March 13, 2017 - Comments Off on “Humans needs stories” and other words of wisdom from the recent CLPE Reflecting Realities conference
Our friends at the Centre for Literacy in Primary Education recently held a conference on the subject of Reflecting Realities: British Values in Children’s Literature. Read on for their inspiring account of a truly special day of discussion…
At the Centre for Literacy in Primary Education we’ve just held a conference. Curated by our very own Farrah Serroukh and coming from the perspectives she has set out in her article about the importance of seeing oneself in literature we planned a day to discuss how ‘British Values’ can be explored through children’s literature and how we can ensure that we are truly reflecting the realities of all the children in our classrooms.
There were a range of people in the audience: teachers and leaders from schools across England, academics, librarians, publishers, charities, authors and poets. Speakers and workshop leaders were drawn from a range of disciplines and age groups and included thinkers like Miranda McKearney from Empathy Lab and Verna Wilkins from Firetree Books. The day covered a range of topics from neuroscience and psychology to personal stories, writing processes and research. We looked at the importance of story and literature to identity and reading and talked about book stock in schools and how transformational texts can change the way in which children think and feel about themselves. There was so much to be positive about, not least a rousing performance from the much-loved Floella Benjamin whose own story is told in her important book Coming to England and who eloquently describes the importance of story, self-belief and confidence to her success. And yet we did have an anxiety about the day. More than ten years ago CLPE and the Arts Council hosted a conference with almost identical themes. Fenn Coles and Kerry Mason from Letterbox Library posed this very question in their session with Verna – Why are we still here?
We know humans need stories. They have made them up since language first developed, to make sense of the world, to explain the unexplainable, to describe faith and belief, to teach lessons and illustrate morals. The significance of understanding viewpoint and perspective, becoming a discerning reader and being able to differentiate fact from fiction is currently one of the most important skills we can encourage.
So the books in our classrooms, particularly for those children who don’t have access to books at home, and particularly in a climate where children are less likely to have access to the facilities of a public library, become extremely important indeed. Children need to see themselves in stories – representation makes children believe they are included, it says this world of reading and books is for you and you are part of it. And this is also why we need to make sure we have authors, poets, illustrators from a range of backgrounds and perspectives – it is both about seeing yourself in a book but also seeing yourself as a creator – both worlds are open to everyone.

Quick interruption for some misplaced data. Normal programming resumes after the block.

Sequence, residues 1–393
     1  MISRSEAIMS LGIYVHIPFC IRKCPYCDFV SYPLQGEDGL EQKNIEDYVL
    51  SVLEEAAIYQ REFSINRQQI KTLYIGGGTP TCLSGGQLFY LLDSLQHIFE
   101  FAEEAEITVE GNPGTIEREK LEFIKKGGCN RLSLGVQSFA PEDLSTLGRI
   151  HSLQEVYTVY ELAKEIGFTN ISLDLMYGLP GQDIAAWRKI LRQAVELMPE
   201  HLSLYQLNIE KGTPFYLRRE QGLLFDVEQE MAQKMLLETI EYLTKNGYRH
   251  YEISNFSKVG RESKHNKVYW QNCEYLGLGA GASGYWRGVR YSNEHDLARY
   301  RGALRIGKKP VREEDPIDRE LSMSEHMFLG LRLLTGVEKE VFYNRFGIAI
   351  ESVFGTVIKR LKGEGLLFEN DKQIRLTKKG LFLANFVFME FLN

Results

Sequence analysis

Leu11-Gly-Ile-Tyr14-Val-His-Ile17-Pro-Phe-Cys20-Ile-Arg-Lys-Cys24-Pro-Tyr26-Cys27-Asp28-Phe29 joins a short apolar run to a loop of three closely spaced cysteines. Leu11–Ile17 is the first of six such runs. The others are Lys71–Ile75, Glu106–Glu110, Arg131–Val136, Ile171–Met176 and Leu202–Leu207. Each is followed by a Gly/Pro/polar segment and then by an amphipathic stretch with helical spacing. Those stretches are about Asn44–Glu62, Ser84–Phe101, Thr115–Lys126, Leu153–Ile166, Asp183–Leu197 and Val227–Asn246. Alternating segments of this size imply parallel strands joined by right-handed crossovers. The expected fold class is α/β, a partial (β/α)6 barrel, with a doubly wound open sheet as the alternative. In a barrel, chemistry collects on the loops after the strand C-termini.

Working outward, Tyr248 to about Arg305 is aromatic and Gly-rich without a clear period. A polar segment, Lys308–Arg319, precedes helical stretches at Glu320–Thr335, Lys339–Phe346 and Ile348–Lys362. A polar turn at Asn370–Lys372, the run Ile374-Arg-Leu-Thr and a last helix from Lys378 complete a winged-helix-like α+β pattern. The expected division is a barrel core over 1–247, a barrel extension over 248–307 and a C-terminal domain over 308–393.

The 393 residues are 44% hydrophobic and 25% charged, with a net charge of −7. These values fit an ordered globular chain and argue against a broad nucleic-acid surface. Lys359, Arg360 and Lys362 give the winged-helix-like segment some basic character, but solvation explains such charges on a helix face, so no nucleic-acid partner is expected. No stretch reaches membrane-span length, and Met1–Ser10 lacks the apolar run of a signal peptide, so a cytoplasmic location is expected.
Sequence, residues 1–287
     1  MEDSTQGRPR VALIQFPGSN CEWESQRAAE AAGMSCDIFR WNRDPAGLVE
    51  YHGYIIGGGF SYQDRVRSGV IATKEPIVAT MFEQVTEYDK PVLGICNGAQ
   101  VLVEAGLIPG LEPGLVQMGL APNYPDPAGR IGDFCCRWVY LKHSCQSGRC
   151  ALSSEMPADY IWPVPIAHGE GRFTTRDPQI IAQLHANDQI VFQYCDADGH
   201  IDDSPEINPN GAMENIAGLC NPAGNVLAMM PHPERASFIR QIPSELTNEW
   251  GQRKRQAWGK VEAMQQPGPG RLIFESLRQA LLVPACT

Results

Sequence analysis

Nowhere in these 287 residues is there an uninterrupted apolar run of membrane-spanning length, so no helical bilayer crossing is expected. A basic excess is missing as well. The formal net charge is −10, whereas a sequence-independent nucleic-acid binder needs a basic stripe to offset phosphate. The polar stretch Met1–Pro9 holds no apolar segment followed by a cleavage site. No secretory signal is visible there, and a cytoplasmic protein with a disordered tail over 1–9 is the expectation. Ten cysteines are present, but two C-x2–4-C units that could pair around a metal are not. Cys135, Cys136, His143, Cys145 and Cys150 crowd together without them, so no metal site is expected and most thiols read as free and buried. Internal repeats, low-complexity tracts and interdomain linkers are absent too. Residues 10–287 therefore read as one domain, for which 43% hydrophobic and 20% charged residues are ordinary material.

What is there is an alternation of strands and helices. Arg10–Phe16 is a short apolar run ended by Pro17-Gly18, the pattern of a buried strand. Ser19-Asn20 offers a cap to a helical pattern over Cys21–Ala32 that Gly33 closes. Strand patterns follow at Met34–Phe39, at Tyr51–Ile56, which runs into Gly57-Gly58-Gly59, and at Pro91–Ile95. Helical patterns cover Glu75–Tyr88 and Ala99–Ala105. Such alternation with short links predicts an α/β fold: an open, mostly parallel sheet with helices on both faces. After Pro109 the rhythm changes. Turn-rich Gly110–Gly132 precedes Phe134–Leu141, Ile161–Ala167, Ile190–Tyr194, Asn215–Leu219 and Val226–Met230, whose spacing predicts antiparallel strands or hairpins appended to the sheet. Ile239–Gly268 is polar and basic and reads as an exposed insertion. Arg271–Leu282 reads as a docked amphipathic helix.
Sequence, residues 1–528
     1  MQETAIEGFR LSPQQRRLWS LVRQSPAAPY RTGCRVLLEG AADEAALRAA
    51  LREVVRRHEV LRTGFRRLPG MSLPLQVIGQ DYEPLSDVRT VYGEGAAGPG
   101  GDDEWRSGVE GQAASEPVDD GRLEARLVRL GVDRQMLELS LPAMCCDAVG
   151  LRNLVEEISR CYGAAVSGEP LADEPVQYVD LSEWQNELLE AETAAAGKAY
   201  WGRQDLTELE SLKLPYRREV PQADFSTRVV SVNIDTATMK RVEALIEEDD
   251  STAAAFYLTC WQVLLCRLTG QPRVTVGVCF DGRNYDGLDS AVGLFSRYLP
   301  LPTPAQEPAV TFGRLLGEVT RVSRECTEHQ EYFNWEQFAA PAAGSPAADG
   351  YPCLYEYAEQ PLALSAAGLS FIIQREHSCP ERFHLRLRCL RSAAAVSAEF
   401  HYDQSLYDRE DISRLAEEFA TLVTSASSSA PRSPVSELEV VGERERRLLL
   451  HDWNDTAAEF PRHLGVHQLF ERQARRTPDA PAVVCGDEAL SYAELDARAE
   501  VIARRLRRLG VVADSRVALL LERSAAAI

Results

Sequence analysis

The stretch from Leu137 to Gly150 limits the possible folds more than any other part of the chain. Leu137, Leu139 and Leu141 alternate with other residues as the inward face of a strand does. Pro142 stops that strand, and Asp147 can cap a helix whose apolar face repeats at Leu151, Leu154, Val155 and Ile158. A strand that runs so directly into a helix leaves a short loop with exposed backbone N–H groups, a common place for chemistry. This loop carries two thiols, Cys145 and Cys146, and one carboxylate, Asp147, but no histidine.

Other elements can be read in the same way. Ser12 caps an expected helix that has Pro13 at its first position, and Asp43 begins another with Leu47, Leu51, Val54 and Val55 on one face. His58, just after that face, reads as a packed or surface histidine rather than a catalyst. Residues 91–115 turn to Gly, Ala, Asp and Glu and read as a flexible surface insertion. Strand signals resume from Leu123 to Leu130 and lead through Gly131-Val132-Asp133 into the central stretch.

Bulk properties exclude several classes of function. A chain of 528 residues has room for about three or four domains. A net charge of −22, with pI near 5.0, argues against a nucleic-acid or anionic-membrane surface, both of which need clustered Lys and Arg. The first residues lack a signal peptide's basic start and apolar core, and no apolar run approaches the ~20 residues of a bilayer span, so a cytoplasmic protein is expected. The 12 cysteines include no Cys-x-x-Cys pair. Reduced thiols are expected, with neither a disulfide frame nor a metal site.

We also need to reflect the realities of those who may not be part of our immediate sphere. Reading fiction about those that are different, have different life experiences and journeys to our own helps us to understand those perspectives. It can make us see things in a different light, it can give us a different point of view, it can open a whole area of history, or geo-political theory we never knew we were interested in.
We are further forward than ten years ago but the challenge now is to make sure that we are ensuring the literature that our children encounter is truly reflective, not just tokenistic. We talked a lot on the day about the publishing industry, about how it is necessarily an industry driven by market forces and by the economics of big retailers and celebrity authors. In schools we could create the demand. If all 20,000 plus primary schools are asking for things other than the Tesco or Amazon Best Sellers then we would surely create a market.
When reviewing book stock in your classroom or school you can ask yourself the following questions:
• In this collection are there stories that the children in my class can see themselves in?
• Does everybody have a point of reference somewhere in this collection?
• As well as mirrors for the children in our school, do the books in our collections provide windows on the rest of world?
• Are there books here that enable us to understand others in an authentic and genuine way (both in terms of stories, and also in terms of voices)?
• Are there different viewpoints represented – from other places in the world or other perspectives of history?
In all our work at CLPE we believe that the books that our children have access to need to reflect the reality of our world, and that world is complex. So the books need to reflect the complexity rather than diluting it. Candy Gourlay spoke at the conference and wrote about it afterwards: “Authors creating story may dress their characters up in hijabs and what have you, but it’s the soul of the character that matters. In a well-written book, you can hear the character’s heart beating.” And this surely, is the point. If you hear a beating heart – be that in a historical context, a sci-fi novel or a picture book – you will identify with it as a real character, a being with whom you have something in common. You go so much further than merely ‘tolerating’ difference.